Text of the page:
One of the more troubling aspects of this regulated market is the lack of science based education taking place. Recently I have noticed new businesses selling hemp based products but referring to the as CBD. Even I’ve had difficulty surmising the contents having hemp based oil. This is problematic so so many reasons, most importantly, misinformation. This has the potential to derail the cannabis movement, dilute anecdotal evidence and confuse consumers. This has the appearance of intentional sabotage.
You see hemp is completely different from cannabis in its function, cultivation and application. Even so there seems to be some confusion in distinguishing the two plants. Although legislation is being made, progress has been slow and hampered by the uninformed.
In its application, hemp and cannabis serve completely different purposes. Cannabis is used for medicinal or recreational purposes. Hemp is used in variety of other applications that cannabis couldn’t possibly be used in. That is not to say that synthetic, hemp-based, and CBD-only medicines aren’t effective options for many patients, especially as laws limit access to alternatives. These types of products have served a pivotal role both as both medicine and as a legislative stepping stone.
Because Hemp and cannabis both derive from the Cannabis Sativa botanical family, they do share certain similarities; however, due to each plant’s biological structure, they have several very distinct and crucial differences.
Industrial hemp typically contains significantly less cannabidiol than CBD-rich cannabis strains so a huge amount of industrial hemp is required to extract a small amount of CBD creating an unsustainable supply chain. For example the same amount of oil derived from an acre of hemp would take a 1/4 acre of cannabis.
Additionally using hemp raises the risk of dangerous pesticides and contaminants as hemp is a “bio-accumulator”—meaning the plant naturally drawns toxins from the soil. Which is hugely beneficial to the earth, but not great for our bodies.
Hemp-derived CBD and refined CBD powder lack critical medicinal terpenes and secondary cannabinoids found in cannabis oil. Typically referred to as the entourage effect. These compounds interact with CBD and THC to enhance their medicinal benefits. The diverse chemical availability in whole plant medicines is remarkable in its own right, but research looking into how cannabinoids and terpenoids work together adds another level of intriguing medical research.
Instrumental in this area of science is Ethan Russo, M.D., a neurologist who has long studied cannabis compounds and their role in the body. In his study “Taming THC: potential cannabis synergy and phytocannabinoid-terpenoid entourage effects,” he details how cannabis compounds influence each other’s mechanisms. We aren’t just talking about the well-known THC-CBD tag team here – even small amounts of terpenes (fragrant oils that give cannabis its smell) can make a difference.
The terpene myrcene, for example, can reduce resistance in the blood-brain barrier, enabling easier passage of other beneficial chemicals. Pinene helps counteract compromised cognition and memory caused by THC. A combination of terpenes pinene, myrcene, and caryophyllene help unravel anxiety. Mixing terpenes linalool and limonene with the cannabinoid CBG shows promise in the treatment of MRSA. THC plus CBN yields enhanced sedating effects. Linalool and limonene combined with CBD is being examined as an anti-acne treatment.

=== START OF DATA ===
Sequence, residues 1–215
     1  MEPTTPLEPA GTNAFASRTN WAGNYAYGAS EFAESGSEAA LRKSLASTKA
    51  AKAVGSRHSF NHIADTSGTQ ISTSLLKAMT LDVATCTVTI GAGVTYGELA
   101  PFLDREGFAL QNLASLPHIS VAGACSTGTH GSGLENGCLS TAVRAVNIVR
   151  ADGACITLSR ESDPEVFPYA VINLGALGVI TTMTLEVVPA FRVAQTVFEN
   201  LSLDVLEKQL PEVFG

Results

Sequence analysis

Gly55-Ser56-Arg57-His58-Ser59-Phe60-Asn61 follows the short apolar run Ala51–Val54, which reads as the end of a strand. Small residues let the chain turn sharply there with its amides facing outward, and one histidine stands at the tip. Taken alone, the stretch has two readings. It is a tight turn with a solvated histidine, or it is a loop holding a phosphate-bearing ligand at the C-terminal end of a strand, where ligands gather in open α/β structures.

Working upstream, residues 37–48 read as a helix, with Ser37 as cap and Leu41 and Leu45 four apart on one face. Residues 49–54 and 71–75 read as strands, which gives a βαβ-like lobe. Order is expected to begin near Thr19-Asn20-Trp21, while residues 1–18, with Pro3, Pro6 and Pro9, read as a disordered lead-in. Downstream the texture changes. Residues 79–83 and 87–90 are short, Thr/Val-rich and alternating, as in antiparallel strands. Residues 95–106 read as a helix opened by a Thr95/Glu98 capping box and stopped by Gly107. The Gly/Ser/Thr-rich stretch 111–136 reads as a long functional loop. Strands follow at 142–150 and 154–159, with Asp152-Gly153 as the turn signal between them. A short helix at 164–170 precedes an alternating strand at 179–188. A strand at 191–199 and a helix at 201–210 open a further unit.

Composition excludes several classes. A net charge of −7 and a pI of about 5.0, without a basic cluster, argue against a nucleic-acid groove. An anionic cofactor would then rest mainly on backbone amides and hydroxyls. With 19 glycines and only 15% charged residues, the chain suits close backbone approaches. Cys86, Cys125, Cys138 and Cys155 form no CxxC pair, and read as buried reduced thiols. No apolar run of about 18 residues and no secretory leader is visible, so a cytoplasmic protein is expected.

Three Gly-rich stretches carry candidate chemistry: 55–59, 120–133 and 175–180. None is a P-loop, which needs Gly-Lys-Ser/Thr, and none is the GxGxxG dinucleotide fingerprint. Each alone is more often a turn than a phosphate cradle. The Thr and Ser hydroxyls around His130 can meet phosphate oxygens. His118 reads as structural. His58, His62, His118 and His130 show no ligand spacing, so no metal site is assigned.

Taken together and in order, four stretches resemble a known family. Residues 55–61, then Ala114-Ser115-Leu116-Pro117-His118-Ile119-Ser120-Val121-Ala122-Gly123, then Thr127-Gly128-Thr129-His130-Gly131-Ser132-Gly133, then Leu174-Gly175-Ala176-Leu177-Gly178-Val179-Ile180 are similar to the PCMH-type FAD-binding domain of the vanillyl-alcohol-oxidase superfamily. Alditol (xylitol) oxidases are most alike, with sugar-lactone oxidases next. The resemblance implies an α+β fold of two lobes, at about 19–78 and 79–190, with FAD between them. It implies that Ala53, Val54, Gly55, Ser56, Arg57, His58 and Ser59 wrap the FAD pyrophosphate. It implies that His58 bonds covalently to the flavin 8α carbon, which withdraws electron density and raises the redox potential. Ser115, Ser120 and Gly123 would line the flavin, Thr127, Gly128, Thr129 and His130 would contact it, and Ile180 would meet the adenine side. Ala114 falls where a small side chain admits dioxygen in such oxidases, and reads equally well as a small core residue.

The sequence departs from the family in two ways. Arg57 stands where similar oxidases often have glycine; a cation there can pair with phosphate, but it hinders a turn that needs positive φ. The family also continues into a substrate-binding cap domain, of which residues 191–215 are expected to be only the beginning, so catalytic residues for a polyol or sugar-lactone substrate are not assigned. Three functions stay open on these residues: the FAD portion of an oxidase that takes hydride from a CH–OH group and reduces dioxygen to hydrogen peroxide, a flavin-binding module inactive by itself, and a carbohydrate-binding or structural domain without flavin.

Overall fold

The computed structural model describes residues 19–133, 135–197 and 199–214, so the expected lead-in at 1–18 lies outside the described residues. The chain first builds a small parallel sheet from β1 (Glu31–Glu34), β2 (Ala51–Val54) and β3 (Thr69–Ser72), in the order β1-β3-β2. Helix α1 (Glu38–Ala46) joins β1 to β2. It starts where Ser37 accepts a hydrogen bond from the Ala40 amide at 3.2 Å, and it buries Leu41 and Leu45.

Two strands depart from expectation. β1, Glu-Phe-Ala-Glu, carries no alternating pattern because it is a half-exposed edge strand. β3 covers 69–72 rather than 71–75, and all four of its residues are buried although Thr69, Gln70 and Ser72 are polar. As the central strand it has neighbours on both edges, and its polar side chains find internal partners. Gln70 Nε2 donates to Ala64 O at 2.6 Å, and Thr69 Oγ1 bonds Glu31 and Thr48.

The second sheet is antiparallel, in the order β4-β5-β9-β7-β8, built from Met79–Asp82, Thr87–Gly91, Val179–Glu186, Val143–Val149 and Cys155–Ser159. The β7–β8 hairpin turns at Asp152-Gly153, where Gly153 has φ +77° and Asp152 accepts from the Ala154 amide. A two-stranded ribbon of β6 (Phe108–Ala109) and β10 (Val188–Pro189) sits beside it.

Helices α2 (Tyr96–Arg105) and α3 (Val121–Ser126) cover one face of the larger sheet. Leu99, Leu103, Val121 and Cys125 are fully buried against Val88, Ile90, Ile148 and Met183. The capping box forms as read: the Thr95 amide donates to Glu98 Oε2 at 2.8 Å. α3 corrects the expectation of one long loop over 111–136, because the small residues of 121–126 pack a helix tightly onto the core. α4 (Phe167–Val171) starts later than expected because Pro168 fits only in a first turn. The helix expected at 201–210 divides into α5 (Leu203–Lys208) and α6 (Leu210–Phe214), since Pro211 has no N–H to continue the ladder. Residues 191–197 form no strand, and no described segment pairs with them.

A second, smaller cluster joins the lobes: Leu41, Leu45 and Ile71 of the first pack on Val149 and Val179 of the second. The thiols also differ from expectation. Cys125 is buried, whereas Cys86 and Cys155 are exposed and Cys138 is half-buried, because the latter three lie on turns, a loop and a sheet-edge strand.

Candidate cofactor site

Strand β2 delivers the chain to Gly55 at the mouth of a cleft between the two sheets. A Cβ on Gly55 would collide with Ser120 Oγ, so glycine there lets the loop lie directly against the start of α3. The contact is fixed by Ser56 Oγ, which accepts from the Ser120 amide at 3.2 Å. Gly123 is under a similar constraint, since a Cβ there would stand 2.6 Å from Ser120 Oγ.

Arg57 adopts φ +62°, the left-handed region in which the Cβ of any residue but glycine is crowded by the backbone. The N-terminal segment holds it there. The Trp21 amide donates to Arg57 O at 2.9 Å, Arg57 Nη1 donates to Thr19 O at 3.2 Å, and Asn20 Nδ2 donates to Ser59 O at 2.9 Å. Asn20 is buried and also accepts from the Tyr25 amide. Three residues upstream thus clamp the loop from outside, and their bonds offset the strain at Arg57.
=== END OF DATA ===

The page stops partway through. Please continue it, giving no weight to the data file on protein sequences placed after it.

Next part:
These examples only scratch the surface of all possible synergies made available to us by way of whole plant therapies. Think of all the medical possibilities waiting for us as the combinational potential of these compounds are unlocked. The thought of how many lives could be changed for the better by such discoveries is almost overwhelming.
It’s against federal law to use hemp leaves and flowers to make drug products. Hemp oil entrepreneurs attempt to sidestep this legal hurdle by dubiously claiming they extract CBD only from hemp stalk before importing it to the United States, a grey area activity at best.
When choosing cannabis medicine for you and your family look for:
CBD Products: For maximum therapeutic benefit, choose products that include both CBD, a non-intoxicating compound, and THC, the main psychoactive component of cannabis. CBD and THC work best together, enhancing each other’s therapeutic benefits.
Clear Labels: Look for labels showing the quantity and ratio of CBD and THC per dose.
Lab Testing: Look for products that are tested for consistency, and verified as free of mold, bacteria, pesticides, solvent residues, and other contaminants.
Quality Ingredients: Select products with quality ingredients. No corn syrup, GMOs, transfats, and artificial additives.
Safe Extraction: Avoid products extracted with toxic solvents like BHO, propane, hexane or other hydrocarbons. Solvent residues are especially dangerous for immune-compromised patients. Look for products that entail a safer method of extraction like supercritical CO2.
Compared to whole plant cannabis, hemp is too low in cannabinoid content. A huge amount of hemp is required to extract a small amount of CBD, raising the risk of contaminants because hemp, a bioaccumulator, draws toxins from the soil. The robust terpene profile of whole plant cannabis enhances the therapeutic benefits of CBD and THC.
And now you know, and knowing is half the battle. Take the time to educate the people around you. Now more than ever we cannot be complacent with staying informed.
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